The styling, fashion and imagery in the Out of My Face video are awesome.
Style and fashion is an essential part of what I do. I like pretty things and I like playing dress up. Fashion sometimes helps you express exactly what you want to say creatively and if anything, it makes you feel good, so why deny yourself of it?

Did you make a conscious choice to challenge gender conventions in your videos?
No, it wasn’t conscious at all. Many won’t believe me but the way I present myself in my music, videos and stage performances is pretty much the way I am every day; maybe with a little less glitter and glam but that’s just me. I wear my heart on my sleeve quite literally. I never fitted into strict gender norms even within the LGBTI community and definitely not in the music industry so I decided ‘fuck it!’ I’m just going to wear what I want, sing the way I sing and just do me. It’s too exhausting to try to fit into a certain mould when you really don’t fit in so why try? You’re only pleasing someone else and Ru Paul once said “You’re born naked and the rest is drag”. That has always stuck with me. We all play a game of drag every morning when we decide what to wear, whether we’re conscious of it or not. Everyone is a drag queen.


Pic: Mads Norgaad

Have you received any backlash against that?
Yeah, I’ve had a few haters here and there but for the most part, there’s been so much support and love from people. I think we all need those people who challenge us because they’re just as important as the ones who support us; they keep us on our toes and remind us exactly what we’re fighting for.

As an African artist, do you think it’s more of a challenge to what you do than your counterparts in Europe or the US?
Being African is challenging enough, and then add being a black, queer artist and you have a mammoth task. I think I’m very lucky to be in Cape Town, South Africa and be able to do what I do. Let’s face it, so many of our queer brothers and sisters don’t have the same privilege. I’m always aware of that but I don’t think it would necessarily be easier in Europe of the US because homophobes, racists, sexists, bigots, religious extremists and general haters exist all over the world.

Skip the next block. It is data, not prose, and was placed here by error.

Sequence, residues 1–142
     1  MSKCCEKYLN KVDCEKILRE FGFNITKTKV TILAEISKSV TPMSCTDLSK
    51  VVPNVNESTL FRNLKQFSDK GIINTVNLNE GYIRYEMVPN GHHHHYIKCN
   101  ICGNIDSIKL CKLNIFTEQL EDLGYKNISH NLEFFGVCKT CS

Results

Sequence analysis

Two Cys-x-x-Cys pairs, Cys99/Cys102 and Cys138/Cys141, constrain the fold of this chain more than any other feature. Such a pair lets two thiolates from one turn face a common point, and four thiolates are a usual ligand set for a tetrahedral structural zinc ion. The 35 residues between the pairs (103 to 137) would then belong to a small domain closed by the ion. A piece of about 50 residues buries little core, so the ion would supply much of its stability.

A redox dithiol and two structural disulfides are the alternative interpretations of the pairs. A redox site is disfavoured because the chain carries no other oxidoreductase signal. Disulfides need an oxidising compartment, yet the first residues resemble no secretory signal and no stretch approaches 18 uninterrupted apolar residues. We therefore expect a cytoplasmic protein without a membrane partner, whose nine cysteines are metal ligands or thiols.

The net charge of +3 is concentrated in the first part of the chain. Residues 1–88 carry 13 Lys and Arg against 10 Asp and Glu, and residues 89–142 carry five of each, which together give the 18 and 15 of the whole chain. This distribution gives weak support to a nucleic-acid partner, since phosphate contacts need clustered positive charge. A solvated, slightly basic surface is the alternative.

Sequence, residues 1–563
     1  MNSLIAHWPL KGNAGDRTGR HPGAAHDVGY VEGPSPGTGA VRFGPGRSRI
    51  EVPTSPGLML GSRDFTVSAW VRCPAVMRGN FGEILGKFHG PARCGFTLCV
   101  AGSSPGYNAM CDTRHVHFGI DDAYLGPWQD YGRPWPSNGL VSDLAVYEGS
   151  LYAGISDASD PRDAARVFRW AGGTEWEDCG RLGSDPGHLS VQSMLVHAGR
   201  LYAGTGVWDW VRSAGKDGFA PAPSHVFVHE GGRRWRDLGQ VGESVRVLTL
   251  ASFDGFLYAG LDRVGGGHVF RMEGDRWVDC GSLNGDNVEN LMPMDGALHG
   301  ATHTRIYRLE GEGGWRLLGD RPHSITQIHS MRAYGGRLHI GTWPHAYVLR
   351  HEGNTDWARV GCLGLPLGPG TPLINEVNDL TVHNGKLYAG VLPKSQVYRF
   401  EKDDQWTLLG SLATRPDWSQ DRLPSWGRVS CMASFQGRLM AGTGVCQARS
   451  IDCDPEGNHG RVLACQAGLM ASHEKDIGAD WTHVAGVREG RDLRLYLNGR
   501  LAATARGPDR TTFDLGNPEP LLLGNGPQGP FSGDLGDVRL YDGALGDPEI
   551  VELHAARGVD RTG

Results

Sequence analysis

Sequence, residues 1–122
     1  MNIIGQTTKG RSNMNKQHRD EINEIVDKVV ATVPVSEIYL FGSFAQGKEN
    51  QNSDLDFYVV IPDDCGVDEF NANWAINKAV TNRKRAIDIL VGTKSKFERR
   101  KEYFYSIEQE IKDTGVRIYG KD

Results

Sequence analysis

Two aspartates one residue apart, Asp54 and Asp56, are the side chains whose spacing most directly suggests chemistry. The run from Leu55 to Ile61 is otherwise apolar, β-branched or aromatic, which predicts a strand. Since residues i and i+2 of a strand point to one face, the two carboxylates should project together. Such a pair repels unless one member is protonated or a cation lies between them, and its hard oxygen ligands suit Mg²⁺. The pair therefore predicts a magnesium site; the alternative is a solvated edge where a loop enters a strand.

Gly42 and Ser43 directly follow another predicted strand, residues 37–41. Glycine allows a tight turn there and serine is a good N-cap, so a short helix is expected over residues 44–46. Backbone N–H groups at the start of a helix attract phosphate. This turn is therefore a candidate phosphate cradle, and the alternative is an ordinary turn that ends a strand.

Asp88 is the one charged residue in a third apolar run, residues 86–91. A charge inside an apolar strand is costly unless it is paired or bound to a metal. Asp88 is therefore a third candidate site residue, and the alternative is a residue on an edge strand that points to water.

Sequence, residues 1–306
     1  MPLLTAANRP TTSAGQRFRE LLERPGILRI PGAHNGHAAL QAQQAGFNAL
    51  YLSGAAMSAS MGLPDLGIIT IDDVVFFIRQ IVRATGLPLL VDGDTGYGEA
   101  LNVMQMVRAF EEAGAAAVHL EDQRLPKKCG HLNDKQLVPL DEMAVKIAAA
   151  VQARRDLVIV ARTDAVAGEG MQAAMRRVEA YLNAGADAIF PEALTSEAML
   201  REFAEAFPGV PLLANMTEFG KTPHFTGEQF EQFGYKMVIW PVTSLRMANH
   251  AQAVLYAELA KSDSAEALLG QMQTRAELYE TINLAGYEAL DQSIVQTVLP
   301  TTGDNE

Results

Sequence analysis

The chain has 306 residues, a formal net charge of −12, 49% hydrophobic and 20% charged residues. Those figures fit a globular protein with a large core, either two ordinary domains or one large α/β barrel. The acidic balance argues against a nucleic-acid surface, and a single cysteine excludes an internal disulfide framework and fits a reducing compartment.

What do you think about the recent wave of homophobia in Africa?
I think it worries a lot of us. Africa is a continent that has gone through grave hurt and oppression and some countries are trying to heal while others are recycling the same hurt and oppression that was done to them. How did homosexuality become the number one item of the agenda in Uganda and Nigeria when people need food and shelter and other basic needs?

We’re seeing so many of our own getting lynched exactly the way Africans were lynched during slavery and apartheid and civil war, for what? Not the colour of our skin but for who we love. It’s not homosexuality that was a western import, its homophobia. We’re seeing American evangelists using the Bible – the biggest import from the West – yet again to oppress people and push their own agendas in impoverished African countries. And I think because of centuries of oppression, some African people still feel so insecure and inferior in their own skin that they have to take out that frustration onto others. The way history repeats itself shocks me but I know we have to fight for the right to live and maybe it’s time we looked at our own African customs and ideas like ubuntu rather than rehashing the old testament.